The RTPI has joined a coalition of professional bodies representing the construction and built environment sectors in warning Brexit Minister, David Davis, that the UK’s construction skills crisis could severely worsen, if the Government does not take steps to ensure access to a skilled workforce during its post-referendum negotiations.
The RTPI, the Royal Institution of Chartered Surveyors (RICS), the Royal Institute of British Architects (RIBA), and the Chartered Institute of Building (CIOB) have written to David Davis outlining their concerns around skills, as well as five other priorities that the UK Government should focus on in light of the UK’s Brexit vote.
The six priorities are: access to skills, common standards, research excellence, infrastructure investment, devolution commitment, and community development.
Read the full letter. The FT covered the story today.
UK a world leader in the built environment sector
Stephen Wilkinson, Vice President of the RTPI, said:
“The UK is a world leader in environmental and building standards and in the professions which are involved in them. UK’s town planning expertise and university courses are among the most sought after in the world.
“Leaving the EU could present a great opportunity for the UK, but it should not be associated with a drive to the bottom in the environmental and building standards which future generations will live with.”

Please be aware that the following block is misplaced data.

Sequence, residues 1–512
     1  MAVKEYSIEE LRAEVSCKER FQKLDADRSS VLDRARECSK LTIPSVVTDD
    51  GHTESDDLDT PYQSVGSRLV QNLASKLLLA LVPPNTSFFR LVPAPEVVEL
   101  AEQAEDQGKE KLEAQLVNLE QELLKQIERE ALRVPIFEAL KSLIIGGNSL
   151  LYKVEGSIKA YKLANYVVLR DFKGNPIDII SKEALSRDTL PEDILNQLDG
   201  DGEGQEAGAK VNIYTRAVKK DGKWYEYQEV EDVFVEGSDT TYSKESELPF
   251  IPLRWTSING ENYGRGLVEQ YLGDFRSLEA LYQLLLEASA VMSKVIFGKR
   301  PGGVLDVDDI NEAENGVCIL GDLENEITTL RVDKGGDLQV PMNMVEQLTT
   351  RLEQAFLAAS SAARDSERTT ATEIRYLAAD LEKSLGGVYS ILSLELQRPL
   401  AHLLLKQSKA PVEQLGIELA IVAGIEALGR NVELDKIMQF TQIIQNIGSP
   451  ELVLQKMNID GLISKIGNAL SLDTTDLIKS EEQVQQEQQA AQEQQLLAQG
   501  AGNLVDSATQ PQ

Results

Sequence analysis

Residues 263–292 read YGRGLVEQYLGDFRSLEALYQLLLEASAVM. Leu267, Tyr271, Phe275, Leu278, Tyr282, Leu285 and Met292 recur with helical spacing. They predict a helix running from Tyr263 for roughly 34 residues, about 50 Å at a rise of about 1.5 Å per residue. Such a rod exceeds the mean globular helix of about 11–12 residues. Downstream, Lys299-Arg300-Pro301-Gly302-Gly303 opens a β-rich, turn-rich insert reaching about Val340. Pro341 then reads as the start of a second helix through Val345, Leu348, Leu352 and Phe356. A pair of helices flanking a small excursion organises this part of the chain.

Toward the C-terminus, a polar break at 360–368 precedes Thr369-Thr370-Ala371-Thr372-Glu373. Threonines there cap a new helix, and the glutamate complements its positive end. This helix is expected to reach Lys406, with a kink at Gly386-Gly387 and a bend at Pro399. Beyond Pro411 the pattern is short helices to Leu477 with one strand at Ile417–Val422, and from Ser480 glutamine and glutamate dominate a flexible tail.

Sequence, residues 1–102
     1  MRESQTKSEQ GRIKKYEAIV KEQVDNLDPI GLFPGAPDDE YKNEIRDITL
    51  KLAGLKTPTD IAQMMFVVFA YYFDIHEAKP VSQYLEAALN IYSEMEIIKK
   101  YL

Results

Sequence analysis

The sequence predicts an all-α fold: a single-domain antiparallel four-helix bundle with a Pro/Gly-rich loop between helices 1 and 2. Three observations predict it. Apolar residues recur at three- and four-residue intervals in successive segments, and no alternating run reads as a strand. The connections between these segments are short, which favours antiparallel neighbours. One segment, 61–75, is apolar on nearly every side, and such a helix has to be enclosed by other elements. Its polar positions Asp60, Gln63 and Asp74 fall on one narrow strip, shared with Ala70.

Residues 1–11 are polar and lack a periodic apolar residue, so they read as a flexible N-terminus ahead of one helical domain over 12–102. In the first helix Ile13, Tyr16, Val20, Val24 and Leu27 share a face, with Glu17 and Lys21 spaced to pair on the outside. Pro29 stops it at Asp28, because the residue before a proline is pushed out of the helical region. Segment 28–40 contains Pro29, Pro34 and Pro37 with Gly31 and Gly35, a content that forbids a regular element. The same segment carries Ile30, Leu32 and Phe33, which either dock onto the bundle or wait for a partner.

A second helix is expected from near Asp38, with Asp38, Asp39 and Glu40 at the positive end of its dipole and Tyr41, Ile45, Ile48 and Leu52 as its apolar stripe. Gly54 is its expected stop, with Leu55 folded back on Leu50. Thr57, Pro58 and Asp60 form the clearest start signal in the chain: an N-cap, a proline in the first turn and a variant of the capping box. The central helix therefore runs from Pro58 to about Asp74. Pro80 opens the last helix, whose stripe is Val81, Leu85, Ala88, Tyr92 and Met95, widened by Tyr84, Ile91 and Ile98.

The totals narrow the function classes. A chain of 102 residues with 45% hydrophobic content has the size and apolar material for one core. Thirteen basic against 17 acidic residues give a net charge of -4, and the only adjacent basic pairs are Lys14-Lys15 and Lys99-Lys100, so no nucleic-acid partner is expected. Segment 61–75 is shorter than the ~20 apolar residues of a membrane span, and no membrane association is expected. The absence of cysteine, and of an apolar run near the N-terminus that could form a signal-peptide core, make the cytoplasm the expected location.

Planning profession highly international in outlook
UK exports of ‘construction services’ (including architecture, surveying and planning) were £2.73 billion in 2014. By 2030 the global marketplace for such services is estimated at over £200 billion, representing a huge potential for UK firms and professionals.
The planning profession is highly international in its outlook. Our 23,000-strong membership spanning over 80 countries reflects this, and many based in the UK work on projects abroad.
We accredit planning schools across the world, our Chartered Membership is a brand recognised and respected internationally. Planning degrees in British universities are coveted by thousands each year around the world.